Lancaster’s leaders are talking about rat-resistant totes to deal with the rodent problem plaguing the village.
No decision was made Monday night, but some village officials are pondering renegotiating a section of the town garbage contract with Waste Management that could allow for totes for village residents, but not town residents.
After the village meeting, Deputy Mayor Kenneth O’Brien III said the village could decide to purchase totes that would be assessed to residents as a onetime fee, even if town government is not doing it townwide.
A concern, O’Brien said, is whether village residents would end up being charged twice if the town eventually decides to get totes, too. No decision has been made about totes by the Town Board, either.
The townwide garbage contract, which includes the village, runs through 2019. But village officials last week requested a copy of the contract to study it.
Even if the village decides to go for totes, which can cost as much as $90, they are not a fool-proof solution. “One piece isn’t going to solve the issue,” said O’Brien, adding that the rat problem could diminish if enforcement of the village garbage ordinance and education efforts begin to have an effect.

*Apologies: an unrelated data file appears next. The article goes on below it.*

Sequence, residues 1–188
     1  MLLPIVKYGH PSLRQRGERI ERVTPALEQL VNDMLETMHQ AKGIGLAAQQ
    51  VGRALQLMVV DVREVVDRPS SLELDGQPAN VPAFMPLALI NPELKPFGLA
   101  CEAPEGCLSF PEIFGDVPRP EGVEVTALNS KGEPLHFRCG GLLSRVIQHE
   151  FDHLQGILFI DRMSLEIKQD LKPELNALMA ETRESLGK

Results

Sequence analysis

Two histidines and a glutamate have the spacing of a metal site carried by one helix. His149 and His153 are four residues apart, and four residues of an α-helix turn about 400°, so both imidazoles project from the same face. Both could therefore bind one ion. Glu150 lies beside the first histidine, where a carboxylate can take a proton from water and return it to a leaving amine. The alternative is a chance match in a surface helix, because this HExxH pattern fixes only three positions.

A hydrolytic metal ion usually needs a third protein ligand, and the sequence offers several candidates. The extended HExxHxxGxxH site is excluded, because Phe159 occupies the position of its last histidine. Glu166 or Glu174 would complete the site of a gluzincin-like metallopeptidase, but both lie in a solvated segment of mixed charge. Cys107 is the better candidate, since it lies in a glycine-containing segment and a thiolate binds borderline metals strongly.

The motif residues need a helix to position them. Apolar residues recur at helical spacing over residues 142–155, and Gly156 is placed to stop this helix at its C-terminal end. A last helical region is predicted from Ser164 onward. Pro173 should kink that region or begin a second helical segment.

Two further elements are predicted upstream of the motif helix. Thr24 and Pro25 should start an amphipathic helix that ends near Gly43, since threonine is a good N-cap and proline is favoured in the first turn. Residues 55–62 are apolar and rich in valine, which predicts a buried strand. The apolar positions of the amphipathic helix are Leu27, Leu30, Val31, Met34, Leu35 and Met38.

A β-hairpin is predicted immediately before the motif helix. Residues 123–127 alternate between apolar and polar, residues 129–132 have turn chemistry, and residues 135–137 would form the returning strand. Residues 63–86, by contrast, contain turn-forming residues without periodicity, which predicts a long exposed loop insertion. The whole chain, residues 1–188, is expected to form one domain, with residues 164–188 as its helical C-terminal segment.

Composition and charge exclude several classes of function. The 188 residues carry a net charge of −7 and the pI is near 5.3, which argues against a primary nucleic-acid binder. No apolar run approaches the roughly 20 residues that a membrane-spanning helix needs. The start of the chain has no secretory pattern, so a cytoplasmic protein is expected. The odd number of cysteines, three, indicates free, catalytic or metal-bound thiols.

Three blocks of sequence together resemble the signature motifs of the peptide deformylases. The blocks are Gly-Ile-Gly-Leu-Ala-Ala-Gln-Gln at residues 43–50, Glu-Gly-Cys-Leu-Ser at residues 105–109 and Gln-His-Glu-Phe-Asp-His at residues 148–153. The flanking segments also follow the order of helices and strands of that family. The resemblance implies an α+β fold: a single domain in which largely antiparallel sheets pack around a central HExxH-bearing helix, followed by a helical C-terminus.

In the two weeks since the village hired resident Jim Smith part-time to monitor enforcement of the village garbage ordinance, about 240 warnings have been issued, said Shawn Marshall, village code enforcement officer.
“Mr. Smith and I are working tirelessly to enforce the garbage code,” Marshall said, noting that about 90 percent of violations are for being issued to residents who aren’t putting lids on their garbage cans. The other 10 percent is people using bags.
“Jim Smith is doing well and we let him do his work,” Trustee William Schroeder said. “This was the first step and something we could do immediately.”
By now, village homeowners have received educational mailers about how to store their garbage and deter rats.
Schroeder said village and town leaders met last week with county health officials about the community’s rat problem. “I don’t think anybody is against totes, but they’re not the end all, be all,” he said.
The next thing coming in the village may be a “Rat Hotline.” Once the village offices have new phones in place, Schroeder said he’d like a rat hotline designated for residents to leave messages “if they don’t want to ‘rat’ their neighbor out,” he quipped.
Village garbage violations could reach a fine up to a maximum of $2,000, but final determination rests with the Village Court. Lancaster village officials last week began eyeing other municipalities’ policies for fines and warning letters.